Majority of Norwegians 'do not believe in God' for first time in country's history

Asked 'Do you believe in God?', those responding 'no' outweighed those who said 'yes' for first time ever

The number of Norwegians who say they do not believe in God has reached an all-time record and eclipsed those who do believe for the first time ever, according to reports.

An annual survey answered by 4,000 Norwegians revealed that those replying "no" or "don't know" to the question "Do you believe in God?" now comfortably outweighed those who said "yes".

According to The Local, 39 per cent said "no" when asked whether they believed, compared to 37 per cent who said "yes", while the remaining 23 per cent said they did not know.

When the question was first asked in 1985, a full 50 per cent said they believed in God while only one-fifth said they did not.

And Jan-Paul Brekke of Ipsos Norway, who led the survey, said that since they started asking 30 years ago "the percentage of those who said they aren't sure has been about the same".

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Interior of the stave church or Stavkyrkje, Norway 2015

The figures mark a clear change from just two years ago, when the number of believers versus non-believers was still equal.

In the country's capital, Oslo, only 29 per cent said they were believers, while the sparsely-populated county of Vest-Agder in the north-west had the most believers at 44 per cent.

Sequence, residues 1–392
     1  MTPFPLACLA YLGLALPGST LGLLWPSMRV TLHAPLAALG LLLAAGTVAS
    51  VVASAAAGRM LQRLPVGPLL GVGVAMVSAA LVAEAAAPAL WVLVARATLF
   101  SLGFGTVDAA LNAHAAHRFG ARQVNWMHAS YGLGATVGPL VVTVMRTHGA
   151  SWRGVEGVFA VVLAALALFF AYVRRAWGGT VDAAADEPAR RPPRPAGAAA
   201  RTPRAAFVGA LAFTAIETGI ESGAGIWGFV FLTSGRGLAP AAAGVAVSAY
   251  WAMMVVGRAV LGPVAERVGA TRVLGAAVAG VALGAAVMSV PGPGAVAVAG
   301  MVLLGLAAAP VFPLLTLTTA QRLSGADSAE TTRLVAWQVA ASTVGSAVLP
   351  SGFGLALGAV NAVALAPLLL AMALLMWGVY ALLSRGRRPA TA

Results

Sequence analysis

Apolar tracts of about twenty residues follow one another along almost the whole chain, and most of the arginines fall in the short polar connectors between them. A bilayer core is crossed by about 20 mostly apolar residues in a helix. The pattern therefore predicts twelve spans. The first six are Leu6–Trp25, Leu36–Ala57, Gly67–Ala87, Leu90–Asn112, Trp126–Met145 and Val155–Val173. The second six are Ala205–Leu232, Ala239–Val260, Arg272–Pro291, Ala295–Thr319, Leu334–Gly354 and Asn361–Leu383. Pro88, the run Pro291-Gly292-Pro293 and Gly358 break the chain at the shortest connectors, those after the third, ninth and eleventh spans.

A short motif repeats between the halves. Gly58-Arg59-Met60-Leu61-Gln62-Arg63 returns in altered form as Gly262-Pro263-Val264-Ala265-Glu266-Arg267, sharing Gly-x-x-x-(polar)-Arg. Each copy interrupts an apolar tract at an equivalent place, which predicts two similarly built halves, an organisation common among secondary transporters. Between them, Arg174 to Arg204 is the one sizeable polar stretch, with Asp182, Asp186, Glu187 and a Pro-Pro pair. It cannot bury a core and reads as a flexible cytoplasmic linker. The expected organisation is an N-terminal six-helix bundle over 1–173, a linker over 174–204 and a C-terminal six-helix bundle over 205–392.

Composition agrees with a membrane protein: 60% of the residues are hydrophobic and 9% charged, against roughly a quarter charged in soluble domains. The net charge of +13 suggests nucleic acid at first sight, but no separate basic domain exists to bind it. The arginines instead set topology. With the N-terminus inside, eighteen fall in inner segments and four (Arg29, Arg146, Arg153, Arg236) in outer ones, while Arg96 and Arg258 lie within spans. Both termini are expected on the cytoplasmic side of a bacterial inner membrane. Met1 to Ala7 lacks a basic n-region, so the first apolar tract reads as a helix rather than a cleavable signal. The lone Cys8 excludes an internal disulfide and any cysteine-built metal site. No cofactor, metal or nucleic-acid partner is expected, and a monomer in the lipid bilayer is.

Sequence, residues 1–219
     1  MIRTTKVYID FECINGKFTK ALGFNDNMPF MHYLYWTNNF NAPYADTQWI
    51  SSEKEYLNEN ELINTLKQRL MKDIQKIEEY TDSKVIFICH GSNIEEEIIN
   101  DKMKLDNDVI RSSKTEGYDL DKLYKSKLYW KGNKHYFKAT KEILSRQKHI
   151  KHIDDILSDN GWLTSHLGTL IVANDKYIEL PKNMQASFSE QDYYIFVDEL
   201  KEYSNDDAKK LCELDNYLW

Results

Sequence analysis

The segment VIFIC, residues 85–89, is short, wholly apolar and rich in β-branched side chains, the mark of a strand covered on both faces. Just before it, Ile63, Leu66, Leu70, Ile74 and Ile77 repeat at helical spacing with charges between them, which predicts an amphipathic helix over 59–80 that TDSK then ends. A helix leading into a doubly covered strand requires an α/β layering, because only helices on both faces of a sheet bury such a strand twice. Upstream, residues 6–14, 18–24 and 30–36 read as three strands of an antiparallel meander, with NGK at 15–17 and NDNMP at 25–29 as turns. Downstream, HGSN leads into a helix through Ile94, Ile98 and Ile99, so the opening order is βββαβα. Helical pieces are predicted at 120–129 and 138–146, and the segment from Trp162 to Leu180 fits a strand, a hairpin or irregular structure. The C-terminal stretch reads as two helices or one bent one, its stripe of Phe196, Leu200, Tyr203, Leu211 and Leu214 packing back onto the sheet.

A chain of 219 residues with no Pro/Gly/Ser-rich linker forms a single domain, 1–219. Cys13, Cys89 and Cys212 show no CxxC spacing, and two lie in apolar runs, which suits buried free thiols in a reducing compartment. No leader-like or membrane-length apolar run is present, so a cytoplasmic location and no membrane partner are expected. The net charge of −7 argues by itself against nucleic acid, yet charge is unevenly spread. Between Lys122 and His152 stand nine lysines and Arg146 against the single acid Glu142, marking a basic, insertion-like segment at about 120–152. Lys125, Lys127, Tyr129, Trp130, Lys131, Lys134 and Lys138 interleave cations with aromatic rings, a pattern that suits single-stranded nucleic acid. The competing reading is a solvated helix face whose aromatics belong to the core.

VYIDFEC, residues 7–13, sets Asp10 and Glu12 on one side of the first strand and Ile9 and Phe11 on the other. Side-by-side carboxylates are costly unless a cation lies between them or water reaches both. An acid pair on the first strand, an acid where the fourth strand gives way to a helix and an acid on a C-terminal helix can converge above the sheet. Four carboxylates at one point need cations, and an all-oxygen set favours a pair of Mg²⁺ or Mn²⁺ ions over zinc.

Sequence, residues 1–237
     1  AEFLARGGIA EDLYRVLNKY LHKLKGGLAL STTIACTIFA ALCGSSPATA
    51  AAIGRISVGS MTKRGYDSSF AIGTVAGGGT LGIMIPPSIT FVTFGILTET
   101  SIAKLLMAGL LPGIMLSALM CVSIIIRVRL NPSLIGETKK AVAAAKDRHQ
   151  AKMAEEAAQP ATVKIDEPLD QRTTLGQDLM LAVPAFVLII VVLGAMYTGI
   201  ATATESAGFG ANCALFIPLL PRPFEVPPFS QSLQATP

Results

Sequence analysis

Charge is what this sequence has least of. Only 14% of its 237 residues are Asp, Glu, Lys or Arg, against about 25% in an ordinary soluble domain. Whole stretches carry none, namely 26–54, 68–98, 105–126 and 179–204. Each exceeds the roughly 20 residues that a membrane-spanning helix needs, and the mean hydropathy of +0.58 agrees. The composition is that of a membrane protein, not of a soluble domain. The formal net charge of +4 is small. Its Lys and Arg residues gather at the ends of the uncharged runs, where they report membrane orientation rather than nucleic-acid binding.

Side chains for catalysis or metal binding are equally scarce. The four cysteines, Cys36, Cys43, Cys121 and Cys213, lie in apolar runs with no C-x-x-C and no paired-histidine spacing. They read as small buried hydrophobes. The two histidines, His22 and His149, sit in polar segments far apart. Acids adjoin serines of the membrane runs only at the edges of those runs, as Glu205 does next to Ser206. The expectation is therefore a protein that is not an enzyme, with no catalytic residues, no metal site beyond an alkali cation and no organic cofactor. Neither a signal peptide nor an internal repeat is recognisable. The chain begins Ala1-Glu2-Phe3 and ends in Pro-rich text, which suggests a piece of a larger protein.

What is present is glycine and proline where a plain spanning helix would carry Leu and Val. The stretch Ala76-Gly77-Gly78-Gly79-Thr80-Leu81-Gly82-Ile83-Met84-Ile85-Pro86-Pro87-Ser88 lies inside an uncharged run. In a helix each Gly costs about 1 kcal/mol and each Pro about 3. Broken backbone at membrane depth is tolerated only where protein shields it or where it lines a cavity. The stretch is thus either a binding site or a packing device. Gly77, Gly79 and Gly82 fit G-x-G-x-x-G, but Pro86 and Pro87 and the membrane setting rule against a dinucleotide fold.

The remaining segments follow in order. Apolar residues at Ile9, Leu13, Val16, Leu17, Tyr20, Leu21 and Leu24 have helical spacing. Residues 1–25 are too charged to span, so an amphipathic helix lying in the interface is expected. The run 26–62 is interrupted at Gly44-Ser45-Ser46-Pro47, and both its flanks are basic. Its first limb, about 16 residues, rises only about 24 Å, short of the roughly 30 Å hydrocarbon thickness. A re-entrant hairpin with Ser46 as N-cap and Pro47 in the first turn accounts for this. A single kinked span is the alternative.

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Mr Brekke noted that not all religious groups were strongly represented in the country-wide assessment, and that "God" was not defined in the question.

"It could be the Christian god, an independent god or one from other faiths," he said.

"There are quite a few immigrants included, but the majority of them come from Western religious traditions. We have only a few Muslims in our material."

Only two in five British people now identify as Christian, meanwhile, according to a two-year inquiry which recommended that state ceremonies and the House of Lords needed to be more representative of the country.

The proportion of UK citizens who do not follow a religion has risen from just under a third in 1983, to almost half in 2014, the report stated in December last year.

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